Lucy and Shannon walked behind the tent where Wrangler had placed folding chairs and a large cooler filled with drinks. Shannon fished a Gatorade from the melted ice. “Help yourself.”

“No, thanks.” Now that Lucy had Shannon’s undivided attention, she got right to the point. “I need to raise money for the Pony Express.”

“I thought I read somewhere that you’d gotten a federal grant for the business?”

When Lucy had started the taxi service two years ago, the local newspaper had run a feature story on her new venture. “Earlier this year I learned that my grant is being cut in half because of budget shortfalls.” If she wanted to keep the Pony Express going, she needed to hold an annual charity event to make up the gap in funding.

“Won’t your father give you the money?”

Everyone across southern Arizona knew the Durangos were filthy rich—that didn’t bother Lucy. What irked her was airing the family’s dirty laundry, but she’d risk becoming the subject of gossip to keep the Pony Express in business.

“My father feels I should have put my college degree to better use than catering to drunken cowboys.” The taxi service had been Lucy’s attempt to honor her brother’s memory, and in doing so, help her grow closer to her father. Her good intentions had backfired when her dad cut off access to Lucy’s trust fund, which would have provided the cash she needed to keep the business afloat for the remainder of the year.

“You want me to ask if Wrangler will make a donation to the Pony Express?”

“I have something different in mind.” Lucy crossed her fingers and forged ahead. “I need you to sway the powers that be at Wrangler to allow me to ride in three of your local rodeos.”

“Ride?”

“Bust bulls.”

Shannon’s mouth sagged.

The reaction wasn’t unexpected. Lucy had considered several ways to raise money, but in the end had decided to ride bulls because that’s what her brother had been famous for. And, selfishly, she’d hoped her father would be pleased with her for shining the limelight on Michael, if only briefly.

“I’m going to ask people to pledge a dollar amount for every second I stay on the bull,” Lucy said.

“You want me to convince Wrangler to allow you to compete against me?”

“Do we have to challenge each other? I mean—” Lucy snorted “—it’s not like I would beat you.”

Shannon shook her head. “You’ll get hurt.”

“You take a chance every time you ride a bull.”

“Yes, but I’m an athlete.”

Okay, so Lucy had never played a high-school sport. Not everybody was coordinated, but that didn’t mean she couldn’t hang on to a rope for a few seconds.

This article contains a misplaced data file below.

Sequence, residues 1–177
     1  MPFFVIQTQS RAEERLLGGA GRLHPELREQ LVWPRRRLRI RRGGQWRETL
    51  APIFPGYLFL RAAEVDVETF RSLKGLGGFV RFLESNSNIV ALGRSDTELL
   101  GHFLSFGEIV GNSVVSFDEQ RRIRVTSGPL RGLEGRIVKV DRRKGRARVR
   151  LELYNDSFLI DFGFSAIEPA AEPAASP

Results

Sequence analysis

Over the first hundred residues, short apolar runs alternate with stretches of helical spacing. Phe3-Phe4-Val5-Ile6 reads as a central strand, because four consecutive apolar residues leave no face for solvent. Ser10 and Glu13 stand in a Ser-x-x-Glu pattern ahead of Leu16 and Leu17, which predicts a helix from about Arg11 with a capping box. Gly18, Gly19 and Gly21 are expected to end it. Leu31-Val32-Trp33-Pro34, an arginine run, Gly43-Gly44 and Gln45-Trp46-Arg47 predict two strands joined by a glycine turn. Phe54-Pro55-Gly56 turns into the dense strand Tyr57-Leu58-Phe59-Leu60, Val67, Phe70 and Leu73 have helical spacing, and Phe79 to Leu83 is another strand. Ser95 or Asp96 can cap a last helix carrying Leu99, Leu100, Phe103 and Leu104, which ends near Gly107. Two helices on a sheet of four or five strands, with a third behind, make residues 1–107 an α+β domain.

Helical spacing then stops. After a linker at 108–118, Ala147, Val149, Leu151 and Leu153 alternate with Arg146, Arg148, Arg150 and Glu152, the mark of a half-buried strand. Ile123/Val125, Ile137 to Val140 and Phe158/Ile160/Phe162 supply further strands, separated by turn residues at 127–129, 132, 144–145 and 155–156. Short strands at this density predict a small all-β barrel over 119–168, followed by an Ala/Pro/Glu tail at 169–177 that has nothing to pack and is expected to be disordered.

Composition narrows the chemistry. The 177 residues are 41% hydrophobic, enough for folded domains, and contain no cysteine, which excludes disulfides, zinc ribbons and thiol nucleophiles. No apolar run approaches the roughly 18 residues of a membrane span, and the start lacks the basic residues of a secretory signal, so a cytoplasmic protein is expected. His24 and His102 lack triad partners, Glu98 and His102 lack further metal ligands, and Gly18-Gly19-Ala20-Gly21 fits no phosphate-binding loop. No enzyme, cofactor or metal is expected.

“Not only do I put in endless hours on a bucking machine,” Shannon said, “but I lift weights and do exercises to develop my balance and equilibrium. Even after all that, I feel like a weakling when I’m riding a bull. It would take months for you to get into shape.”

“I run on the treadmill four times a week.” That had to count for something.

“I don’t have time to teach—”

“I’m not asking you to teach me how to bust bulls.” Lucy hadn’t thought that far ahead. “I just need you to ask Wrangler to let me ride.” She wasn’t above begging. “Please, Shannon. I have to keep the Pony Express from going under.” If the business went bankrupt, she’d never make amends for the role she’d played in her brother’s death, which had caused all those who’d loved Michael much pain and anguish.

“I’ll see what I can do, but no promises,” Shannon said. “Wrangler might appreciate the fact that you’re raising money for a good cause.”

“And they might be willing to mention the Pony Express when they promote your events.” Lucy smiled sweetly. “I was hoping the rodeo committees would allow fans to place pledges before I ride.” Lucy handed Shannon a Pony Express business card with her contact information. “I’ll wait to hear from you, and good luck with the rest of your rodeos this month.”

“You’re welcome to hang out for a couple of hours.” Shannon’s offer stopped Lucy’s hasty exit. “I’m heading over to the Horseshoe Bar later to listen to the band, Cowboy Rebels.”

“Thanks, but it’s going to be a busy night for the Pony Express.” Busy night aside, Lucy couldn’t get out of the arena fast enough. She’d done an admirable job, ignoring the memories of watching her brother rodeo, but right now the smells and sounds of bucking stock and cowboy roughhousing suffocated her. If her plan succeeded, she’d have to find a way to block out the memories each time she rode.

Head down, she strode through the cowboy ready area toward the exit. When she turned a corner, she plowed into a solid wall of muscle. Off balance, she stumbled backward and a strong hand steadied her.

“Lucy?”

Tony?
Her heart slammed against her rib cage. It had been two years since she’d stood this close to Tony Bravo, and his masculine scent—a hint of soap, cologne and pure male musk—brought back memories of the clandestine hours she’d spent in his arms in the months prior to her brother’s death.